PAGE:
Why I Decided to Start a Business in Asia
I still remember the day that I decided to move to Hong Kong. At that time, I was working in Silicon Valley. The thought of moving around the world to a different continent and adjusting to an entirely different culture and new language was exciting and exhilarating and at the same time daunting.
I was excited about the opportunity to move to Hong Kong because I knew I was entering uncharted territory from a VC perspective. In 2007, I embarked on my voyage across the Pacific Ocean and became head of VantagePoint Asia, which backs early stage tech companies and represents $4B in committed capital. In 2013, I decided to open my own VC firm along with my partner, Wei Hopeman. It was a major step to leave an established, international company and launch a new firm. Also, I had the choice between the conventional and unconventional path--moving back to the US to start a VC firm or being one of the pioneering VC firms in Asia.
Below are the top three reasons why I took the unconventional approach and launched a business in Asia:
Asia is experiencing a major technology and venture capital shift.
Tech startups and VC firms are experiencing rapid growth in Asia, yet the market is still young and untapped. Pan Asia, sans China, offers interesting investment opportunities because infrastructure investing is still growing and entrepreneurs are evolving. It is fertile ground for VC firms to identify outstanding entrepreneurs and help them build their companies. Working with early stage startups is a challenge, which is what drives me everyday. I enjoy being in Asia at the forefront of change and the ability to work with interesting companies in diverse cultures. Additionally in Asia, there are more interesting investment verticals, while Silicon Valley venture investing is more concentrated on fewer sectors.
We founded Arbor Ventures to have a significant impact on the intersection of financial services and digital commerce as well as invest in companies that are immersed in fast-growing, transformational markets.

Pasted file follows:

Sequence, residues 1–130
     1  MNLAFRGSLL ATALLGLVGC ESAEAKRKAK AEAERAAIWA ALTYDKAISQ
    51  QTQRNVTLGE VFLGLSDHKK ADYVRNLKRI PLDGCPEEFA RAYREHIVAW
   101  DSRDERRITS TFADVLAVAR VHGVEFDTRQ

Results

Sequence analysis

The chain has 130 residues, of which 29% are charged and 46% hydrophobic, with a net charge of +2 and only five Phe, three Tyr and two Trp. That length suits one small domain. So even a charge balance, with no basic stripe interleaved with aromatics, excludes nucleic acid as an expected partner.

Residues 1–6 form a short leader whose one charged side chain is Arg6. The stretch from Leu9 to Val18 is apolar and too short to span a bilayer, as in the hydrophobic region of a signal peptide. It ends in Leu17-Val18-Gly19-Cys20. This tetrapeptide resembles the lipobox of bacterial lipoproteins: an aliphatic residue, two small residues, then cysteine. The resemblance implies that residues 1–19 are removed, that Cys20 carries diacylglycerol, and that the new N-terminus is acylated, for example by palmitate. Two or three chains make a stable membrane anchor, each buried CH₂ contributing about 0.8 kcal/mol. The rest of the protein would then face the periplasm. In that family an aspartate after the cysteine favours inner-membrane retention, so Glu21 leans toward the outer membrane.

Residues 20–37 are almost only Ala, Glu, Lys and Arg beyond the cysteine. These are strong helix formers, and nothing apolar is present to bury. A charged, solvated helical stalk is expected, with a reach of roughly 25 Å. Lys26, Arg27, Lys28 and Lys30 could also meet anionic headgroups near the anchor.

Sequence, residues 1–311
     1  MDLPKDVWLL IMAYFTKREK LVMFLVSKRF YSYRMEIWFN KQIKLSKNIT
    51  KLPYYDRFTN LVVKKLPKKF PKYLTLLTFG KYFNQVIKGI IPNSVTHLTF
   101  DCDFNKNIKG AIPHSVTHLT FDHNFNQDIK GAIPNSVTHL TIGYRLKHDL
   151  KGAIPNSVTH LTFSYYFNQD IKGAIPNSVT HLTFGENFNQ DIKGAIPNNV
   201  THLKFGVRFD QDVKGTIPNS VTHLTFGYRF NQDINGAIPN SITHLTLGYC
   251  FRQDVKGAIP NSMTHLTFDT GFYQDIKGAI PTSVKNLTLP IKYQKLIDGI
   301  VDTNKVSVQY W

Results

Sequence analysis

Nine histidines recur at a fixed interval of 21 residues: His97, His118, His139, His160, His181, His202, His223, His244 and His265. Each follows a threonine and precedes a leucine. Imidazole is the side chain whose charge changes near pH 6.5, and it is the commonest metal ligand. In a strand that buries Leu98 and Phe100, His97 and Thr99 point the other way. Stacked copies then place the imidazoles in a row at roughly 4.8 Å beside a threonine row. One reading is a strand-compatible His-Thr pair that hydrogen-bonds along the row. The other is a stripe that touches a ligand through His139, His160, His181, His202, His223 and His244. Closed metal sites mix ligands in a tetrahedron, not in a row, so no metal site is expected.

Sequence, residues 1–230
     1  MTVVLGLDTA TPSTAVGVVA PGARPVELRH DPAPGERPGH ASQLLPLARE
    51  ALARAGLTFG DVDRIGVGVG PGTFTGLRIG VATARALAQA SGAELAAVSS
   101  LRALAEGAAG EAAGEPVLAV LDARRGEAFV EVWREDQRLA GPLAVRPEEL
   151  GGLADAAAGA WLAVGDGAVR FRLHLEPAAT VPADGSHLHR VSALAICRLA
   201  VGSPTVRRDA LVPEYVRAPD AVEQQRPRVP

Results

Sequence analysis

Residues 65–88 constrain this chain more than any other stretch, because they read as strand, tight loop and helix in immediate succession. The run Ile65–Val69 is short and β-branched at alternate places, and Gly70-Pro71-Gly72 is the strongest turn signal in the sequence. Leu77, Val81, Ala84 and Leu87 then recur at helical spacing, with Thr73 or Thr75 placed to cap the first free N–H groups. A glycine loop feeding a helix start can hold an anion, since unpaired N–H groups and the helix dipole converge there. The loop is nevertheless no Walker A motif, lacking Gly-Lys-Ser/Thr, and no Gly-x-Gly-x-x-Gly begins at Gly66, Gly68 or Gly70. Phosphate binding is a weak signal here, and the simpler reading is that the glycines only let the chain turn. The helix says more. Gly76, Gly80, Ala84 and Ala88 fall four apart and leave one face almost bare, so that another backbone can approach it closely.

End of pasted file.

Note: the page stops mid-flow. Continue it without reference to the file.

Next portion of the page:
FinTech/FinServ companies are on the rise.
For the first time, Asia's population is moving away from cash-based commerce to an online / mobile payment society dominated by Millennials, who envision their world very differently from previous generations. Instead of following in their parents' traditional career paths, these young, well-educated people are choosing an alternative path and creating unique tech startups to fit their perception of the market needs. Today, there is a growing need for capital in the region. It is estimated that by 2030, Asia will have 66% of the world's middle class with mobile phone penetration in excess of 125% dominated by Millennials.
Asia's investment community needed female leaders.
We are proud that Arbor Ventures is the first female-led VC firm in Asia. The tech industry worldwide has historically been male-dominated. While more females are joining the tech workforce, the percentage is still just 25 percent. This is a tragically low number because women are well suited for the VC industry. They offer a balanced voice to boards and a different perspective regarding product adoption and marketing. In Asia, approximately half of the population are women. These women are active in the workforce and control the household funds, so it is just common sense to have a woman's perspective when designing a product and launching a company that targets this group.
Is starting a business abroad right for you?
Many of my American friends have asked for my counsel regarding whether or not they should take jobs or start companies abroad. It's a hard road and not for everyone, but it's been the most rewarding eight years of my career.